John Adams Hyman was the first Black to represent North Carolina in the U.S. House of Representatives. But perhaps the most impressive part of Hyman’s career is what he went through to educate himself.
Hyman was born into slavery in Warrenton, N.C., in 1840. At the time, nothing struck fear in the hearts of Southern slaveholders more than the prospect of an educated slave. While it was illegal throughout the southern states to educate slaves, Hyman took it upon himself to learn to read and write. He got a little help from a jeweler named King for whom he was working as a janitor. King, being from Pennsylvania, wasn’t quite up to the repressive ways of the South, and helped Hyman out, including giving him a spelling book. When that was discovered, Hyman’s owner was forced to sell him to a slaveholder in Alabama.
That set off a continuing chain whereby Hyman, largely because of his continuing efforts to learn to read and write, was sold at least eight times during his 25 years of slavery. When emancipation came in 1865, Hyman headed back to Warrenton and enrolled in a school where he got an elementary education.
Now freed and literate, it didn’t take long for Hyman to get involved in politics. In 1867, he was a delegate at the Republican State Convention and later that year was elected to the Warren County delegation to the North Carolina Constitutional Convention. In 1868, he was elected to the North Carolina Senate, where he would serve for six years.
In 1872, Hyman ran an unsuccessful campaign to win the Republican nomination for a seat in the House of Representatives in the second district. He lost out to the incumbent Clarence Thomas. The district that included Hyman’s hometown of Warrenton was known as the “Black Second.” The state Democrats had gerrymandered the legislative map for the state in order to concentrate a large proportion of the black vote in the second district, thus rendering neighboring districts safely Democratic, and white. Hyman tried again in 1874 and this time he prevailed on the 29th ballot at the nominating convention. In the election, he defeated the Democratic candidate, George W. Blount, winning 62 percent of the vote.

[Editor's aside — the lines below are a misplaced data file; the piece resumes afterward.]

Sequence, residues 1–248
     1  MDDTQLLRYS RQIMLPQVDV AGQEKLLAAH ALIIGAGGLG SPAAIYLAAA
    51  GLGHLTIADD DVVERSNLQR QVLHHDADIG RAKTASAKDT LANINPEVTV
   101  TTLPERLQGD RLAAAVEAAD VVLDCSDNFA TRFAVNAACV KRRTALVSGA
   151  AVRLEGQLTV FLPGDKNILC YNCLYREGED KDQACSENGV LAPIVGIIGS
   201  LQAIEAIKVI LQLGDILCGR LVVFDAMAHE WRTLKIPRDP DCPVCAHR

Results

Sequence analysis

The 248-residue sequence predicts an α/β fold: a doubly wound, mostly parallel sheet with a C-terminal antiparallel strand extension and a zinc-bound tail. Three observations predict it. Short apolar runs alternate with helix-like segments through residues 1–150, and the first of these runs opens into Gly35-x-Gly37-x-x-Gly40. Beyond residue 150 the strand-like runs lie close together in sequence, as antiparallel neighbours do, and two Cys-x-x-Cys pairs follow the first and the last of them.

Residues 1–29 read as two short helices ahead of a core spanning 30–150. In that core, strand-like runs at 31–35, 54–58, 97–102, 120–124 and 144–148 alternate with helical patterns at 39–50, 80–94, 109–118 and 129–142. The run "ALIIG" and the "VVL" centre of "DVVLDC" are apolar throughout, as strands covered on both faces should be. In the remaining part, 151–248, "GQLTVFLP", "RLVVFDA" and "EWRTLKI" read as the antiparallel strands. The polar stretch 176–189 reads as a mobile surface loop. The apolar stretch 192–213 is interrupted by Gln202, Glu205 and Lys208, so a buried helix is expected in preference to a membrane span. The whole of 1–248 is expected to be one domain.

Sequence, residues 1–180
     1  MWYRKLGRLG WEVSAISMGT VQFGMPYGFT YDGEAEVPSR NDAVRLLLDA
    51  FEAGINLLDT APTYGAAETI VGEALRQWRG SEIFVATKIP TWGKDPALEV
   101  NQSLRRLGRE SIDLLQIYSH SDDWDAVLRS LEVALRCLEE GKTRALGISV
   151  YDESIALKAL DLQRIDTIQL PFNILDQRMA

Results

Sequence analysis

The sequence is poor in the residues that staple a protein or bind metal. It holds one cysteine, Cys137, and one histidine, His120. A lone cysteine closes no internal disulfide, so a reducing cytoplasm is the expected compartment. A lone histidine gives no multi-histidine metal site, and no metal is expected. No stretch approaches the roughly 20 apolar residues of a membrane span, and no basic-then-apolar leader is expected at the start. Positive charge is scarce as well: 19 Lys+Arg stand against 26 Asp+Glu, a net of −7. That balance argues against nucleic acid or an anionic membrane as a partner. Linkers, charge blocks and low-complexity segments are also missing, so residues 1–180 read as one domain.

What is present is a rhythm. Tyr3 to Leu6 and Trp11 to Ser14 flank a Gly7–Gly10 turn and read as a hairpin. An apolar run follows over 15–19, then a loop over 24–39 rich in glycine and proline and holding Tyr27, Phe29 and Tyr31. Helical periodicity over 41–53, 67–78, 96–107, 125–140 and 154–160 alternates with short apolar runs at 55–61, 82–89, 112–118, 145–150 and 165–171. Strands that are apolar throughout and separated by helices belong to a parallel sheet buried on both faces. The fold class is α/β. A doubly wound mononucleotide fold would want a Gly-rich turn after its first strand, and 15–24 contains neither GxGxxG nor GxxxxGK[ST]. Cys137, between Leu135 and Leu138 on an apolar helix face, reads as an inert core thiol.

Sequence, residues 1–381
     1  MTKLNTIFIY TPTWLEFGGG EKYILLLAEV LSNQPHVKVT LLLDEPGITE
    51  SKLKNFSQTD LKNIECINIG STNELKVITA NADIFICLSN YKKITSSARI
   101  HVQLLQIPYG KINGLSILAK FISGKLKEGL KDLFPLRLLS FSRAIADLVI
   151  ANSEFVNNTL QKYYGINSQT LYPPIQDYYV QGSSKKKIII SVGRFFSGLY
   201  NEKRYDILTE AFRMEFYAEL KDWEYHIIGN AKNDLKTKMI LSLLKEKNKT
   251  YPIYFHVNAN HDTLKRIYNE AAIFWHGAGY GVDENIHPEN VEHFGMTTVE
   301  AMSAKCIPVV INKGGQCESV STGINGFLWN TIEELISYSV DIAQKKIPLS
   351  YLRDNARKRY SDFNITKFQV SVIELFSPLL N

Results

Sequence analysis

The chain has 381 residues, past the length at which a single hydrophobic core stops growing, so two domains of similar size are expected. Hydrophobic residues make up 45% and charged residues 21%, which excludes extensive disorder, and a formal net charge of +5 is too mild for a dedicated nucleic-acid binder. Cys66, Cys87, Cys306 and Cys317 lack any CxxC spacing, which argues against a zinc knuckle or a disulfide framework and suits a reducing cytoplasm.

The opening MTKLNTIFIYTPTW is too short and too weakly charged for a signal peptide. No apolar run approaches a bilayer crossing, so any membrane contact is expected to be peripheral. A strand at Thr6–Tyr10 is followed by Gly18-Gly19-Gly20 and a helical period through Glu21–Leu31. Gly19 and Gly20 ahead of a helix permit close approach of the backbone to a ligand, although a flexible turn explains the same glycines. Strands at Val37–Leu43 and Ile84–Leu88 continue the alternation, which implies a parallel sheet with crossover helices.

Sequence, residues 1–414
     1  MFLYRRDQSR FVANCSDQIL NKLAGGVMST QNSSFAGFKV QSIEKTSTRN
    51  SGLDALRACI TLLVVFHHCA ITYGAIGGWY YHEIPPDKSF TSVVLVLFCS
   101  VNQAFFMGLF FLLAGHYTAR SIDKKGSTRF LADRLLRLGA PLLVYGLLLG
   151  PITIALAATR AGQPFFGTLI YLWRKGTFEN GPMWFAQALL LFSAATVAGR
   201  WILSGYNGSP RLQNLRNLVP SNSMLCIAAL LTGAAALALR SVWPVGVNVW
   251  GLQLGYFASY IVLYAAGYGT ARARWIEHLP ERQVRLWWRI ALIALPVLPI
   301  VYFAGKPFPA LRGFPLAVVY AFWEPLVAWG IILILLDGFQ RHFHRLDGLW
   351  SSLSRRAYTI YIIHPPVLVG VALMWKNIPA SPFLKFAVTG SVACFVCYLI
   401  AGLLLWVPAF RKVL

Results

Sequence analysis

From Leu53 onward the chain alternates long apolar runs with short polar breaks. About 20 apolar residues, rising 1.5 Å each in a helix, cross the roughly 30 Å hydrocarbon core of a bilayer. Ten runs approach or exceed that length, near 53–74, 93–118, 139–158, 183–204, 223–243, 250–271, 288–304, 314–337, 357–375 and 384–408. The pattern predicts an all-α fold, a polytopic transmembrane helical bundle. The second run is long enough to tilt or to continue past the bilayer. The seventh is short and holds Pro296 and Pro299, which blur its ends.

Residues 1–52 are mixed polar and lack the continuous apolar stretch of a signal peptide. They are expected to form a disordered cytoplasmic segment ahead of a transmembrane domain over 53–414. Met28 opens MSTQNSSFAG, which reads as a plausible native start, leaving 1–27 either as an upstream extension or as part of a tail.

Hyman’s term in the legislature was undistinguished. The Pittsburgh Courier, a weekly African-American newspaper, had this description of Hyman’s experience in Congress (May 14, 1949): “The Forty-fourth Congress was Democratic, and Hyman received only an obscure appointment on the Manufactures Committee. He submitted several measures that were of importance to the state as a whole, including one to provide a new courthouse for Jones County in place of the one destroyed by Union troops, and a bill to erect a lighthouse on Pimlico Sound. Like many other colored Congressmen, Hyman was interested in the lot of the Indians, and he introduced a measure to provide relief for the Western Cherokees. So biased was the political complexion of the House that none of these proposals even came to a vote.”
By 1876, whites had taken control of the state Republican Party and Hyman lost out on the nomination to run for re-election to a former state Reconstruction Governor Curtis Brogden.
Throughout his political career, Hyman was hounded by insinuations of corruption. It started while he was a member of the state senate, what was apparently a pretty corrupt place. There was talk he was involved in some payoffs involving the location of a penitentiary, that he took money from lobbyists during what would become a railroad bond scandal and that he accepted payment in return for endorsing a congressional candidate. Hyman was never formally charged with any of these irregularities. But the hints of corruption were used by his political opponents.
The Southern Home, a short-lived Democratic newspaper based in Charlotte, published this piece of invective on Aug. 14, 1876: “John Adams Hyman, a negro congressman from fhe 2nd District of North Carolina has developed a desire to get possession of other people’s wealth without rendering an equivalent therefor. He will retire from Congress and become a candidate for the North Carolina penitentiary.”
Not long after, he was expelled from the Warrenton Colored Methodist Church, where he was a steward and Sunday school superintendent, as a result of charges that he embezzled Sunday school funds.
He attempted again in 1878 and then again in 1888 to gain the Republican nomination for the Congressional seat, but was defeated. The following year he moved north to Washington, D.C., where he got a job with the Department of Agriculture. He passed away in 1891 after suffering from a stroke in his home.
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